In Guatemalan Town, Life Revives After Army Exodus

IT'S evening. And there's laughter in the streets of Santiago Atitlan. A ragtag soccer match goes on until nearly midnight. Women chat by candlelight in the marketplace. Children race between the men congregating on the porch of the municipal building. Five months ago, there was a deathly silence over the town at this hour. "The Army was the government then. Now, for the first time in 11 years, we're governing ourselves," says Diego Chiquival Chavez, lifetime resident and a social worker.

Officially, Guatemala forsook military rule in 1985. Earlier this year, the second civilian government in a row was installed. But, practically, the 30-year battle against guerrilla insurgents means many rural areas remain under de facto military control.

Until recently, Santiago Atitlan - viewed by the Army as a rebel stronghold - was no exception. In 1980, the Army arrived at this lakeside village to "protect" the Mayan descendants from leftist insurgents. But the Army brought an unofficial curfew and terror. Murder, kidnapping, rape, and robbery became common.

"We were averaging four murders or disappearances a month - about 1,200 victims over 10 years. Ninety-eight percent were at the hands of the Army," says a local religious leader.

Last Dec. 2, 2,000 unarmed residents gathered outside the garrison demanding to know why soldiers had tried to rob and abduct a shopkeeper. The Army answered with bullets. Fourteen Atitecos died. On Dec. 20, in an unprecedented act, Guatemala's President ordered the Army out of Santiago.

People go out at night now; deaths and disappearances have stopped. "The fear is gone. We have maybe 5 percent of the crime we had five months ago," says newly-elected Mayor Salvador Ramirez.

He and others say the Army armed local gangs, which terrorized the town into bringing back Army-run civil patrols. (In most of Guatemala, the Army uses so-called volunteer patrols to supplement its counterinsurgency effort. Several years ago, Santiago was one of the few rural towns to exercise its constitutional right to refuse participation in these patrols.)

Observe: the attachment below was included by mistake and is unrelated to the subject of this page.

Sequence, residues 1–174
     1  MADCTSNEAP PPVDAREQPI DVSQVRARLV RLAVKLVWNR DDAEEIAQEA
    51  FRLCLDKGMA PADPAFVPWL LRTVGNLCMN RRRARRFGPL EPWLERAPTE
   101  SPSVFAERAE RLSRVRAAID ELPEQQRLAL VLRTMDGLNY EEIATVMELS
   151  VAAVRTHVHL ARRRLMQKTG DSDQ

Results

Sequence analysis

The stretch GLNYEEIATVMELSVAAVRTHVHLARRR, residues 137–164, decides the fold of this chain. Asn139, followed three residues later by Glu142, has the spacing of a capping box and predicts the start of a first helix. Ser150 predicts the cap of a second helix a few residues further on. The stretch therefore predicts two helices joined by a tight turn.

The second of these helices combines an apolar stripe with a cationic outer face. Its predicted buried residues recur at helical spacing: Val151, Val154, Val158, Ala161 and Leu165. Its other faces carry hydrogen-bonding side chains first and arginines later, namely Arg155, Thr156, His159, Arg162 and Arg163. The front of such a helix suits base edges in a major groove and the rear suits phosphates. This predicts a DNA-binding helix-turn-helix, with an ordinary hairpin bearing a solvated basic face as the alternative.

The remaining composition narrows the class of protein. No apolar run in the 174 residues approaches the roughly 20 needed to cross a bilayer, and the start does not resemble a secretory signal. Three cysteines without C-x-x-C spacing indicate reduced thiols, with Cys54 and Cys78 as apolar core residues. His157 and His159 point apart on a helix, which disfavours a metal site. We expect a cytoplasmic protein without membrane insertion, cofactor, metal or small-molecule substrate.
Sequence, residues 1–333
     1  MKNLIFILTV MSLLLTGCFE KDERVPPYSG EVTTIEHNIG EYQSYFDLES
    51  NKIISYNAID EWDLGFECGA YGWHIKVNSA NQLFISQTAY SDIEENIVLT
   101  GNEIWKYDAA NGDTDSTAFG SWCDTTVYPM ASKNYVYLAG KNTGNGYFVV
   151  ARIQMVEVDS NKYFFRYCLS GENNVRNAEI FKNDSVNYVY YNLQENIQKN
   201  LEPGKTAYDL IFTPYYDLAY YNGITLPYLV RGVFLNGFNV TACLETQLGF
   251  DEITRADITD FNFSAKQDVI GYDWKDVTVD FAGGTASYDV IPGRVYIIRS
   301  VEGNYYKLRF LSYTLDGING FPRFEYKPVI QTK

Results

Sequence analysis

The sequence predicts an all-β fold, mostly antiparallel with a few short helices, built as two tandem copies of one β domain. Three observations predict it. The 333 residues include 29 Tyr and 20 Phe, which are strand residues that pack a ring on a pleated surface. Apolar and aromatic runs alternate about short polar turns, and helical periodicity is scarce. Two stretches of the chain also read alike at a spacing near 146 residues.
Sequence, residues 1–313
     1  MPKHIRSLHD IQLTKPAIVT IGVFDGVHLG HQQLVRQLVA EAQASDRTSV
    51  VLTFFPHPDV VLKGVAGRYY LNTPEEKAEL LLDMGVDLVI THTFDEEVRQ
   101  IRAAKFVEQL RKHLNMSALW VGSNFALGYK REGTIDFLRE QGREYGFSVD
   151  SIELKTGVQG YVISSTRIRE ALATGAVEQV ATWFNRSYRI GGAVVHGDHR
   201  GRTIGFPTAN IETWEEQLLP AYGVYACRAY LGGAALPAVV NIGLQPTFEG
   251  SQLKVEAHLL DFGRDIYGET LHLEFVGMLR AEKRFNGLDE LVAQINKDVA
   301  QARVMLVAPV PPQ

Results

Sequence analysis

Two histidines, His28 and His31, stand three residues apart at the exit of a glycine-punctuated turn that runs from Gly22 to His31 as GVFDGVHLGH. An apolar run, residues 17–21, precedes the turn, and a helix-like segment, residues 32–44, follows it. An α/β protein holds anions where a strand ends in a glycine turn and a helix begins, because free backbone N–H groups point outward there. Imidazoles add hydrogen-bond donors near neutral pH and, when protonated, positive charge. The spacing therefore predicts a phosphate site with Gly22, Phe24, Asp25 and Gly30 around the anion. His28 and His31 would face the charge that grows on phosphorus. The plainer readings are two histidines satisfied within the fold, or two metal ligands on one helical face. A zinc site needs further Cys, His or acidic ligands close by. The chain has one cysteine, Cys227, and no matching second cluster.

"We don't want the Army or the [rebels] here. If the guerrillas come, then the Army will follow. We want to live and work in peace," Mr. Ramirez says.

Since the massacre, residents run their own voluntary patrols, and a new unity is apparent. This isolated town, which depends on agriculture, tourism, and fishing, is also reaping economic benefits. Farmers are planting again - in plots abandoned because they were in "guerrilla territory" and on the land where the Army garrison stood.

Town officials no longer lurch from one Army-induced crisis to another. They are busy with more mundane problems, such as getting a new water pump. The mayor is now director of the provincial mayors' association, and has been asked to join a national group. "What the Atitecos have done has not been lost on the rest of the country," notes Robert Carlsen, an American anthropologist who has studied the town for six years.

Nor has it been lost on the Army, which asserts that the President does not have the authority to prevent it from reentering Santiago. "In the entire national territory there is no place that's off limits to the armed forces," an Army spokesman says.

"The Army," notes a local religious leader, "has a real stake in this not working."

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